You can meet a takahē at several sites around the country. In the wild, takahē only exist in the Murchison Mountains, Fiordland National Park and more recently Gouland Downs in Kahurangi National Park.

Takahe Recovery logo.

Outside of the wild populations, takahē live at sanctuary sites. With the exception of the Burwood Takahē Centre, Cape Sanctuary, and two privately owned islands, sanctuary sites are open to the public.

Takahē at public sites are our ambassadors, providing opportunities for you to admire and learn more about these amazing 'pre-historic' looking birds.

Auckland Zoo

The public can view takahē up close at Auckland Zoo.

Auckland Zoo

Burwood Takahē Centre

The centre was purpose built in 1985 as an incubation and hand rearing facility and is famous for historically using puppets and models to rear takahē chicks. It is not open to the public. 

Burwood Takahē Centre

Cape Sanctuary

Cape Sanctuary is a privately-owned and funded 2,500 ha restoration site situated on three properties on the Cape Kidnappers/Te Kauwae-a-Māui Peninsula. It is not open to the public. 

Kahurangi National Park

Gouland Downs in Kahurangi National Park could be home to the first wild population of takahē outside their Murchison Mountain refuge. It's open to the public.

Kahurangi National Park

Kapiti Island

Only an hour from Wellington, the Kapiti Island Nature Reserve has a unique environment populated with birds and wildlife rarely seen on the mainland. It's open to the public.

Kapiti Island Nature Reserve

Mana Island

Mana has a longstanding history with takahē recovery, being the first secure island site establish to facilitate takahē breeding, and remains to be one of the most productive ones. Mana Island is open to visitors between 8 am and 5 pm.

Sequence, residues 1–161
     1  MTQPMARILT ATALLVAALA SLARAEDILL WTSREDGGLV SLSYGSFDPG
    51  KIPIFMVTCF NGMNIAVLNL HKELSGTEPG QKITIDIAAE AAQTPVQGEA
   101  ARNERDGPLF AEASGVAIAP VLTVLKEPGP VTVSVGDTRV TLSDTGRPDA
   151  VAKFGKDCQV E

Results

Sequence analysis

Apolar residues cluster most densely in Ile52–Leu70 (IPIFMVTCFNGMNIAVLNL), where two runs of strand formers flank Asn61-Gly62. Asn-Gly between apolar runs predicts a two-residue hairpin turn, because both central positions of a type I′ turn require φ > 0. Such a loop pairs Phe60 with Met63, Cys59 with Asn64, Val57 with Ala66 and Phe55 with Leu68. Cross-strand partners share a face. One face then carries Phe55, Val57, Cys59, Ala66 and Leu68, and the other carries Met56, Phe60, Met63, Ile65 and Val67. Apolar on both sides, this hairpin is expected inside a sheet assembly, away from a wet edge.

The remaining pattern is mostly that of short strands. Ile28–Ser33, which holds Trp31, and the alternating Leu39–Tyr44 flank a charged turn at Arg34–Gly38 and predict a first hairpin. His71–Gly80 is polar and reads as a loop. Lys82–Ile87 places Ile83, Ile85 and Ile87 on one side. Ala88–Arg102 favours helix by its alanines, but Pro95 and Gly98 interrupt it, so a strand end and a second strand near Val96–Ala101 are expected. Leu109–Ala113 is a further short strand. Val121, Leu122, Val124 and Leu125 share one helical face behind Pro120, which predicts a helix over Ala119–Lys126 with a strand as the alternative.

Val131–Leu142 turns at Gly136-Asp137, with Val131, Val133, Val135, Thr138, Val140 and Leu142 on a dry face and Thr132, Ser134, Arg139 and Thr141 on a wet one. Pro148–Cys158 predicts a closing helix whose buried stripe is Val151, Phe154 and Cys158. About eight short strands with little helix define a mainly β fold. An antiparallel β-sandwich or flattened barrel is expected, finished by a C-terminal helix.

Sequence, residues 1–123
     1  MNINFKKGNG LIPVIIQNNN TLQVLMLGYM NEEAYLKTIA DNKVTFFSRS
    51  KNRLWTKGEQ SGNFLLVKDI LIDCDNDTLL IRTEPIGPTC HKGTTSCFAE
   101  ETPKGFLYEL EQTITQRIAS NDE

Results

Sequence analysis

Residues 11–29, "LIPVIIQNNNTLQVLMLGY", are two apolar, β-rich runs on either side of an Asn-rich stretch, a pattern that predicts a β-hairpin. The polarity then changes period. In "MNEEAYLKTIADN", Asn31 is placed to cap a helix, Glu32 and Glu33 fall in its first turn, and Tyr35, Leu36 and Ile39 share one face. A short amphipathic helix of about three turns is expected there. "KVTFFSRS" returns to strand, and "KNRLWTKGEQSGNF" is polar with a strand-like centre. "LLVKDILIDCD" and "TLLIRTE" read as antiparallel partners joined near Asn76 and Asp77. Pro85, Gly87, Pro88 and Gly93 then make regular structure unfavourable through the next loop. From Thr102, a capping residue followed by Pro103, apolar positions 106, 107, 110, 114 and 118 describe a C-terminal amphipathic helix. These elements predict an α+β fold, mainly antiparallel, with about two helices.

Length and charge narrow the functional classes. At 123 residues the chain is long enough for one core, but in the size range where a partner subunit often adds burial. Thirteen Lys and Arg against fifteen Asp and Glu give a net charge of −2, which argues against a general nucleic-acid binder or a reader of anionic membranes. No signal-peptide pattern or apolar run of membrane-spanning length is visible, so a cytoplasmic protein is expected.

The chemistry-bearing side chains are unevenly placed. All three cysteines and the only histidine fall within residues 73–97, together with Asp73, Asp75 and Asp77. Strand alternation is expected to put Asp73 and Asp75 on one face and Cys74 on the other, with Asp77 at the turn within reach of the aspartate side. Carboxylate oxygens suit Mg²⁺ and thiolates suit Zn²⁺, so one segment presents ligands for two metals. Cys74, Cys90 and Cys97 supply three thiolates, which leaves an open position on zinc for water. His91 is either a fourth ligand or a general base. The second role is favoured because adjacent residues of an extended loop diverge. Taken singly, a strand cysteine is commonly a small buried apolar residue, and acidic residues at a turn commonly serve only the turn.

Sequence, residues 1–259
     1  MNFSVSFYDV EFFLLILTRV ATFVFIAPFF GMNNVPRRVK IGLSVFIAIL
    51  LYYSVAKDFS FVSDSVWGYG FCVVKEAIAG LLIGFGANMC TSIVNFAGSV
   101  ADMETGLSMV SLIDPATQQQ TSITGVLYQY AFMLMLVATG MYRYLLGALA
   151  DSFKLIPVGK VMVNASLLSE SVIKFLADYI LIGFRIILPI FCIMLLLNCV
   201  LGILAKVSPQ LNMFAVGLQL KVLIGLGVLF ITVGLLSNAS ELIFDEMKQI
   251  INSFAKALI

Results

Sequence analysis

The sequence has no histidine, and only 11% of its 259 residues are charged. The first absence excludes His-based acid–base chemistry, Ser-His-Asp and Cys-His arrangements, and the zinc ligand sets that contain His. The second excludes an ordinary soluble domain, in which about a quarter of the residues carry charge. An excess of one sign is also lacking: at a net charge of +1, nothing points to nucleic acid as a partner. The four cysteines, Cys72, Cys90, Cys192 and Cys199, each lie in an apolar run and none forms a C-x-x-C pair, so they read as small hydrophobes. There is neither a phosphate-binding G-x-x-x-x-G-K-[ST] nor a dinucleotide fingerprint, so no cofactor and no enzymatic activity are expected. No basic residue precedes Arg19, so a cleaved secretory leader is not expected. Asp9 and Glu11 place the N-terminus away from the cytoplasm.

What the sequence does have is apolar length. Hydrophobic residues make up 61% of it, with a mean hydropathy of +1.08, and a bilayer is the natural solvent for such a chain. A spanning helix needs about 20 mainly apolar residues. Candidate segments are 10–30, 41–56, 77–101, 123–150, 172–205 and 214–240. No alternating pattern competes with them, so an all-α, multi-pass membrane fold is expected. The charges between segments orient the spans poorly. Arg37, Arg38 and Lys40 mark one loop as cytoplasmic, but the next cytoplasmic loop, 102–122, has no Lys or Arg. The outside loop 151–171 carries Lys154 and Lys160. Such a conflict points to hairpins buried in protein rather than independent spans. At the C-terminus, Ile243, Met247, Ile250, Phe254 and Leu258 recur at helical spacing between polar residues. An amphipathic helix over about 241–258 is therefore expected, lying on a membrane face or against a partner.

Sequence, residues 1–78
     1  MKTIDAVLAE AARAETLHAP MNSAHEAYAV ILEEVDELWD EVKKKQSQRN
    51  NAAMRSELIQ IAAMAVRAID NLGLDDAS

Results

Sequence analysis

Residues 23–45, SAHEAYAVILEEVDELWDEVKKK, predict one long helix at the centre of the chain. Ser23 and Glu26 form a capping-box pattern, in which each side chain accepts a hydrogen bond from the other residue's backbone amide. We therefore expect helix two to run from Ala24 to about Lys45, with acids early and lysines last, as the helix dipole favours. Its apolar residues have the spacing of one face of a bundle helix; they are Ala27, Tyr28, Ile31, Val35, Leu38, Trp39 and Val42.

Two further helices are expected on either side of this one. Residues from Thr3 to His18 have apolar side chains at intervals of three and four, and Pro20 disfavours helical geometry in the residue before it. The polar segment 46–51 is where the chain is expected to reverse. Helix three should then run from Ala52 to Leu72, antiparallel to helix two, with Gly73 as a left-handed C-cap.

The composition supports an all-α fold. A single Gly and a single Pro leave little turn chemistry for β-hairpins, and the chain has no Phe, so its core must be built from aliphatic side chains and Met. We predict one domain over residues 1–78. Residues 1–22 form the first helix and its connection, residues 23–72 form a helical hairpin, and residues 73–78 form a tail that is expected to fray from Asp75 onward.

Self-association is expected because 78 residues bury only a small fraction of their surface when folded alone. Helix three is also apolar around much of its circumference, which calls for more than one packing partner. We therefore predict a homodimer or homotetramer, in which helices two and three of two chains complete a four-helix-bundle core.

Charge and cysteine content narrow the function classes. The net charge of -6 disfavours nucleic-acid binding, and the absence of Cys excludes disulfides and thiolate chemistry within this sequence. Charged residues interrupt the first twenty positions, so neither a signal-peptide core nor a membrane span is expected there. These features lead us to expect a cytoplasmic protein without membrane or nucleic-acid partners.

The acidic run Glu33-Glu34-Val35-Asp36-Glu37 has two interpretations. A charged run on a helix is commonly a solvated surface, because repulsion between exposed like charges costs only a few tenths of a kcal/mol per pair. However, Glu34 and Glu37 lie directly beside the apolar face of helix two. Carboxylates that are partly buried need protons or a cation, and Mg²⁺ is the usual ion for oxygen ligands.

Mana Island Scientific Reserve

Maungatautari Ecological Island

Maungatautari is known as a mainland island and located in the Waikato. It's open to the public.

Sanctuary Mountain Maungatautari website

Murchison Mountains

The remote alpine tussock basins of the Murchison Mountains on the western side of Lake Te Anau hid the takahē for 50 years until their rediscovery in 1948.

Following the rediscovery, the Murchison Mountains were declared a 'takahē special area', off limits to all except a few scientists and deer cullers. It is not open to the public. 

Orokonui Ecosanctuary

The ecosanctuary is a biodiversity project near Dunedin where multiple species of plants and animals are protected from predators. It's open to the public.

Orokonui Ecosanctuary

Pūkaha National Wildlife Centre

The centre is an unfenced sanctuary for native wildlife in the Wairarapa. It's open to the public.

Pūkaha National Wildlife Centre website

Punanga Manu O Te Anau / Te Anau Bird Sanctuary

This bird sanctuary is located on the shores of Lake Te Anau and is open to the public.

Punanga Manu O Te Anau / Te Anau Bird Sanctuary

Tāwharanui Open Sanctuary

Located a 90-minute drive north of Auckland the sanctuary encompasses the Tāwharanui Peninsula. It's open to the public. 

Tāwharanui Open Sanctuary website

Tiritiri Matangi, Motutapu, Rotoroa islands

Takahē are found on predator free islands in the Hauraki Gulf including Tiritiri Matangi, Motutapu, and Rotoroa islands. The public can visit the islands. 

Hauraki Gulf Marine Park

Wairakei Golf + Sanctuary

Located in Taupō this golf course and sanctuary is open to the public.

Wairakei Golf + Sanctuary website

Willowbank Wildlife Reserve

Located in Christchurch this reserve is open to the public.

Willowbank Wildlife Reserve website


Zealandia is a conservation project and attraction in Wellington where the biodiversity of 225 ha of forest is being restored. It's open to the public. 

Zealandia website

Back to top